Born and brought up in a small town tucked away somewhere in Jharkhand, my gender was the most important part of who I was from the day I was born! For, I happened to be the youngest among six siblings, five of them daughters, in a Sikh family with its own rules in patriarchy.
Thank God, there was solace in mythology. I would often hear people tell my parents or my parents tell people that Goddess Lakshmi has showered them with wealth and prosperity, somewhat as a consolation. But holding on to just one Goddess with five daughters was not enough. So my parents added another to our list — Goddess Saraswati — giving all of us good education.
But even in a household full of women, I would feel vulnerable among men on the periphery — uncles, cousins, drivers, cooks and sundry male helpers. Even as a six-year-old, I felt like a woman in a man’s world.
Later, in boarding school and college years, I was shocked to discover that many girls had horror tales of groping and molestation by a close relative, acquaintance, domestic helps or complete strangers in the safety of their homes, school or public transport even as little kids. It is pervasive, almost like a part of a woman’s lifecycle.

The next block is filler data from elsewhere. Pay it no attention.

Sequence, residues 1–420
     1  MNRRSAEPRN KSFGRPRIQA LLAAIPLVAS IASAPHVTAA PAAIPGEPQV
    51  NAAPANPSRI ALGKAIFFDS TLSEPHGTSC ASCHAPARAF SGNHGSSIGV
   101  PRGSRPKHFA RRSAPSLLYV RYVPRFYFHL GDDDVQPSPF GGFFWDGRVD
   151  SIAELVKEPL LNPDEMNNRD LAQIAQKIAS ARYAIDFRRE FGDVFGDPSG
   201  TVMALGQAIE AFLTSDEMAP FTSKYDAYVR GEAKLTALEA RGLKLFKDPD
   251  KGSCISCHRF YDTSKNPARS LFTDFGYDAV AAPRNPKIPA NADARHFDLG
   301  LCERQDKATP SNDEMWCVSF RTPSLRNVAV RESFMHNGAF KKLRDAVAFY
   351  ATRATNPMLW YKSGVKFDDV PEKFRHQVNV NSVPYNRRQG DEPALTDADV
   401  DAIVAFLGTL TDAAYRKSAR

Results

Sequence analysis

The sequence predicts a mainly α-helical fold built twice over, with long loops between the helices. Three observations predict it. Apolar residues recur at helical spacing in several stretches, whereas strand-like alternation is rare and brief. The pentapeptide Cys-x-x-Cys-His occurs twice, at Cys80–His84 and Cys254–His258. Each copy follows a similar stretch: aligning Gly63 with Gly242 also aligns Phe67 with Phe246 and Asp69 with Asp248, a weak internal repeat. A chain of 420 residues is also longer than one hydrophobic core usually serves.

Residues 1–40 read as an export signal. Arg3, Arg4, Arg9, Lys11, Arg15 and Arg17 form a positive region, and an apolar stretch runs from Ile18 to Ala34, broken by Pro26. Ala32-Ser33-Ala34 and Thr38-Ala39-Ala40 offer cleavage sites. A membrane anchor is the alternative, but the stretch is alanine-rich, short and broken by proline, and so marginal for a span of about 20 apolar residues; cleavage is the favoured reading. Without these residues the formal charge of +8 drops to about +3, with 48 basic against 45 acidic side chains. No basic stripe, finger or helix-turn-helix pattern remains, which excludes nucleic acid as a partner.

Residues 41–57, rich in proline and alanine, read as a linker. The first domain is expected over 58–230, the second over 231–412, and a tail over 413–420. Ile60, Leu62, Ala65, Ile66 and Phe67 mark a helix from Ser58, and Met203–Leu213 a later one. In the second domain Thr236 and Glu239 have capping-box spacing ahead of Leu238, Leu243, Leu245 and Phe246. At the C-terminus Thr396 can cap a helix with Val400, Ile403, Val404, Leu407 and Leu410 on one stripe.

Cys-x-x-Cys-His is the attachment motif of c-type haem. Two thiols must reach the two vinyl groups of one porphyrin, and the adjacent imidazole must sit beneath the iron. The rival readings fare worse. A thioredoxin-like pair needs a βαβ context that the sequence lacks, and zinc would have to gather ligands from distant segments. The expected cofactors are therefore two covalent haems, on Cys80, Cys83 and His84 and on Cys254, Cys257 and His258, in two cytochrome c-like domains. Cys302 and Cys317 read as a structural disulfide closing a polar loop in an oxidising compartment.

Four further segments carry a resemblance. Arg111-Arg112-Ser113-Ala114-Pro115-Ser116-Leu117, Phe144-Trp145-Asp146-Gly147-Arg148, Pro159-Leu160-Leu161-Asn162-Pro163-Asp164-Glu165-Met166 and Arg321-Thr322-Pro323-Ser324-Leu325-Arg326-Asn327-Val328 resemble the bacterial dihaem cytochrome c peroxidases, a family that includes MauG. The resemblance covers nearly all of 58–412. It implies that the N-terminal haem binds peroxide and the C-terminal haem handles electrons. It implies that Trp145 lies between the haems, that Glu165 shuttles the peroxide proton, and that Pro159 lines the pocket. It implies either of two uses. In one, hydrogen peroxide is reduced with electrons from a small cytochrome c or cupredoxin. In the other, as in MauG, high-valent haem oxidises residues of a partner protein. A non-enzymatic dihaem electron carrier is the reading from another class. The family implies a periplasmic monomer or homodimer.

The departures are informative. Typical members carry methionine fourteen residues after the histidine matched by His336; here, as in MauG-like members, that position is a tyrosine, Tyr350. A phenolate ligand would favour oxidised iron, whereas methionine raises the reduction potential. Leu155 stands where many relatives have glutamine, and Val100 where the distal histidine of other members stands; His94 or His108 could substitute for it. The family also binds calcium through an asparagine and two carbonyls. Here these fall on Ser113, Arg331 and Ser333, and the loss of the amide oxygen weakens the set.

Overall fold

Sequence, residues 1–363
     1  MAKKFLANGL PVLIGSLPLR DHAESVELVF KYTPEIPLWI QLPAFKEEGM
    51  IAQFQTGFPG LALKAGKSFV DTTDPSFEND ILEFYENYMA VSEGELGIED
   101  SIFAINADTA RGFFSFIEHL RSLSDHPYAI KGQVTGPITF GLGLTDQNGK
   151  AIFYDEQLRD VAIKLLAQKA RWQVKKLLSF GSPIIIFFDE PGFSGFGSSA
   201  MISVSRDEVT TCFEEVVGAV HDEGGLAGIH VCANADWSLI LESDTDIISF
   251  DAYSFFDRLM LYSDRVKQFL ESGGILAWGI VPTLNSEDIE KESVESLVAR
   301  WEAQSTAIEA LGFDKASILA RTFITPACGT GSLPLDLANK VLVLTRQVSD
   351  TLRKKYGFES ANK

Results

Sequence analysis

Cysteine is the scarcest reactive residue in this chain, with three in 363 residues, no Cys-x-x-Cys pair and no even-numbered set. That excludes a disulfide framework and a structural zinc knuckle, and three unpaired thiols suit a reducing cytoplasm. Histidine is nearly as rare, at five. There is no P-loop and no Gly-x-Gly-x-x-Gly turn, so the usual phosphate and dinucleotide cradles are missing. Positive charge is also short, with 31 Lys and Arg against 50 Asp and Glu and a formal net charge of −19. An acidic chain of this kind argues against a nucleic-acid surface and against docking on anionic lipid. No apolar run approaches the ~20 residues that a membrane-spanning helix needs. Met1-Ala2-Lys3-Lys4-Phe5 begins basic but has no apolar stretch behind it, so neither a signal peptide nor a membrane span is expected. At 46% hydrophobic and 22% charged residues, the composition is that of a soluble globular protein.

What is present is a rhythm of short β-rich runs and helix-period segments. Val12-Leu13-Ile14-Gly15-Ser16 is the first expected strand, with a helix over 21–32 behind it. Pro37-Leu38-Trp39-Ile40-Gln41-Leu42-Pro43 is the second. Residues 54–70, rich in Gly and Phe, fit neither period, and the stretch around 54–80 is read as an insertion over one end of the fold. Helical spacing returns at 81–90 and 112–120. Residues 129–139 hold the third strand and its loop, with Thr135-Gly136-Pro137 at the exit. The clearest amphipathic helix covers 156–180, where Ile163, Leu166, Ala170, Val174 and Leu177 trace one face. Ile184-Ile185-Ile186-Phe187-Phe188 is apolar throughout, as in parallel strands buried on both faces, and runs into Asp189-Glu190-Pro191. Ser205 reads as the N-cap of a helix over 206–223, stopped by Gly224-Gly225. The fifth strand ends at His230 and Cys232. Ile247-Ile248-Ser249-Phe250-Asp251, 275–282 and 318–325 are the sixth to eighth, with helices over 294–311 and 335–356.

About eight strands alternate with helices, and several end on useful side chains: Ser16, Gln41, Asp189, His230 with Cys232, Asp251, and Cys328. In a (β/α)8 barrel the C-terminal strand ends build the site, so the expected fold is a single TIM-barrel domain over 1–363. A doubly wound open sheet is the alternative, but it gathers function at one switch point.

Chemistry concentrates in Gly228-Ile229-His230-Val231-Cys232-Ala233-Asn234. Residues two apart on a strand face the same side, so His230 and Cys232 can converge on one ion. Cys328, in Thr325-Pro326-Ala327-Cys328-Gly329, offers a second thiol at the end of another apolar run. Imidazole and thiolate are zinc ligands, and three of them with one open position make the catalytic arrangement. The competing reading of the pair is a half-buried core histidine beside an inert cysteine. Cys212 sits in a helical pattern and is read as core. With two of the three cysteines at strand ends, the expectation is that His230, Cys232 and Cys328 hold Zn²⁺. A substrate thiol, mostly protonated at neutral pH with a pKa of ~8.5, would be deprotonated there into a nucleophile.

Do five or six-year-olds, snugly inside their homes and schools, not dressed provocatively, too invite trouble as some self-styled moral guardians of our society in the BBC documentary on Delhi rape victim would like us to believe — that women invite trouble by venturing out of homes late and wearing “indecent” clothes?
Now that I work late hours as a journalist, the “inviting trouble” remark of a rapist and his defence counsels seems all the more outrageous! As we brush shoulders with men in boardrooms and newsrooms, we too, like them, meet late deadlines and do so without guilt of immorality.
We do no wrong in going for an innocuous late night dinner or movie lest a predator decides it is time to teach us a lesson.
And to all ML Sharmas and AP Singhs out there, who can put our gender to trail for misdemeanour, please look around to see sexual harassment happens irrespective of the time of the day and what the girl wore.
It also defies class or stereotypes. I have felt safe in most unlikeliest of places — speaking to men in a patriarchal Haryana village late evening on an alleged molestation case — and unsafe even when talking to some so-called well-bred and “accomplished” men.
So before telling us, India’s daughters, on what’s acceptable as right behaviour, tell your sons what is not acceptable. That and nothing else would make this world safer for daughters, yours and mine. email@example.com
(The writer is assistant editor with HT)